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Elia Florio | 17 Apr 2007 07:00:00 GMT | 0 comments

What we saw in the first Trojan.Peacommoutbreak during January was only the beginning of the “storm-worm” war.The initial outbreak seemed to be an experiment in setting up apeer-to-peer (P2P) bot network, and to test the potential of theTrojan. The bad guys who were behind those criminal activities used thefirst variant of Peacomm to distribute a set of single-module Trojansthat were programmed to send spam, perform DDoS attacks, gather mailaddresses, and distribute new versions of the Trojan.


20070416%20-%20Peacomm_B_fig1_small_2_EF.jpg
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Peter Ferrie | 17 Apr 2007 07:00:00 GMT | 0 comments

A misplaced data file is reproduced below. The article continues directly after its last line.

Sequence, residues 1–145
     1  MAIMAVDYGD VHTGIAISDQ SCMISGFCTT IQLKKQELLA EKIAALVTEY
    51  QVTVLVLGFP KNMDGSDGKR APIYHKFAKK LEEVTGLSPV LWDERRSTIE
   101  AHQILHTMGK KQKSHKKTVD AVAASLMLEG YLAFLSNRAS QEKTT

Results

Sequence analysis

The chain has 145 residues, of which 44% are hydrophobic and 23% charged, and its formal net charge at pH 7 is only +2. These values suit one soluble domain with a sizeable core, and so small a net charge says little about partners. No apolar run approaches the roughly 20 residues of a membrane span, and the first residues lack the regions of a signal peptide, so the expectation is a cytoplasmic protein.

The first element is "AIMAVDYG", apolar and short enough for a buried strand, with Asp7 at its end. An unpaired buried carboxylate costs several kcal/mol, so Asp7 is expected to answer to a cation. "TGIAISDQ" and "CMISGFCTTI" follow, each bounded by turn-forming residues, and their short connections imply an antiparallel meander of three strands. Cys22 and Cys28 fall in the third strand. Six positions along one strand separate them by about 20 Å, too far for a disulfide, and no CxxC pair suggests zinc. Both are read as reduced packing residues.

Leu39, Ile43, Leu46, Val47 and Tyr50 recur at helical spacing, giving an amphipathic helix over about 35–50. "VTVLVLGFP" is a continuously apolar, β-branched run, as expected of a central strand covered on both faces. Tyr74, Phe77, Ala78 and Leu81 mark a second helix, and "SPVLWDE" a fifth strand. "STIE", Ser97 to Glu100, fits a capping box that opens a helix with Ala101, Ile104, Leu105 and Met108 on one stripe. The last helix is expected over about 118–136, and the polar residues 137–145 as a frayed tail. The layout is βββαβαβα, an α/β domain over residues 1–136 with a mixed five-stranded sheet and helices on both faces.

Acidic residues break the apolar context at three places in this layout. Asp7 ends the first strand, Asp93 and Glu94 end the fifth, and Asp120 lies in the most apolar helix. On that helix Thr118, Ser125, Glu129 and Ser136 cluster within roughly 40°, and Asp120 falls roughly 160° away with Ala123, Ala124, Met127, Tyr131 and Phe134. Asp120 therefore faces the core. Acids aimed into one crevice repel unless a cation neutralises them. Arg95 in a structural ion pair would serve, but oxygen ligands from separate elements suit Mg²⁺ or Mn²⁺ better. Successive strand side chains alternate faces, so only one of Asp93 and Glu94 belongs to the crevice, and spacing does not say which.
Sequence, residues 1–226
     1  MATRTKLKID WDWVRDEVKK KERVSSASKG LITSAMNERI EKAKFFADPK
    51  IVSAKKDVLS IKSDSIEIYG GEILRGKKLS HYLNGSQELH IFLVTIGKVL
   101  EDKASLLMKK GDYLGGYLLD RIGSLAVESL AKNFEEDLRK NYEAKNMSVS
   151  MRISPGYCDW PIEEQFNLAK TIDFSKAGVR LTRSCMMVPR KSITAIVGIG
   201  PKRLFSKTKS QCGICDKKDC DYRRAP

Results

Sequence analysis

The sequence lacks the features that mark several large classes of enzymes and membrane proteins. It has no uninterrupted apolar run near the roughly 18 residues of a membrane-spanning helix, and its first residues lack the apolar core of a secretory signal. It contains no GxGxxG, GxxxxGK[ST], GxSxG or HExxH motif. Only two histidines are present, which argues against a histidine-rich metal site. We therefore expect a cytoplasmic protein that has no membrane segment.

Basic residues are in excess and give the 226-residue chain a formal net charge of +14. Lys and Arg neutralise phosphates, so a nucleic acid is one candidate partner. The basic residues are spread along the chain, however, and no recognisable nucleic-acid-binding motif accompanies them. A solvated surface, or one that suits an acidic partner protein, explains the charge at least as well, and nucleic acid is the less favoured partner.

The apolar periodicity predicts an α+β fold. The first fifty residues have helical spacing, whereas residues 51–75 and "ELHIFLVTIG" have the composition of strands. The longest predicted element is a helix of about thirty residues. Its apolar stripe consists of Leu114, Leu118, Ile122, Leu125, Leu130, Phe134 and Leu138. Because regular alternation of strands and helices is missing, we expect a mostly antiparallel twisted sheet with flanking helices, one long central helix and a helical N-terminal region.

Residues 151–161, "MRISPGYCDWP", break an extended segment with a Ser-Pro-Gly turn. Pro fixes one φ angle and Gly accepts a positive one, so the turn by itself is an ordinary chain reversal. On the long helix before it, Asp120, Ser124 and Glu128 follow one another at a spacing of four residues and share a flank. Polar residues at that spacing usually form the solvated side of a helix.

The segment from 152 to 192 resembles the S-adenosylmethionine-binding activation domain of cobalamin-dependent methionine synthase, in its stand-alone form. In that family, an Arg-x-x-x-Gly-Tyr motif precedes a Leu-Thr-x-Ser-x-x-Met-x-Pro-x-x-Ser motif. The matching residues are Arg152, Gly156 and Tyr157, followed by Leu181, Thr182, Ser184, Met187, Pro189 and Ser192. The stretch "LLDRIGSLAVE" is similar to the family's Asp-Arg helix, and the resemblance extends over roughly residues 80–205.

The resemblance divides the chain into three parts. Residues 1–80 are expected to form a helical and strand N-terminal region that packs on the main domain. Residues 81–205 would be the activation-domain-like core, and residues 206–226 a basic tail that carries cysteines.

A few days ago, a postto a vulnerability discussion mailing list included a demonstration ofa heap corruption in Windows .hlp files' "bm" section. .hlp files areWinHelp-format Help files, a primitive version of .chm, or CompiledHelp Module-format help files. The "bm" section, or the Bitmap-formatgraphics section, is the part of the .hlp file that contains graphics(icons, pictures, etc.). The poster had discovered the vulnerability byusing a fuzzer to insert random data into the file. However, it seemsthat he did not understand why this vulnerability works.

After digging into the issue, it appeared to me that the filetargets the same vulnerability that was last attacked in December of2004, the WinHelp Phrase Heap Overflow.However, after a careful review, I realized that this...

Shunichi Imano | 16 Apr 2007 07:00:00 GMT | 0 comments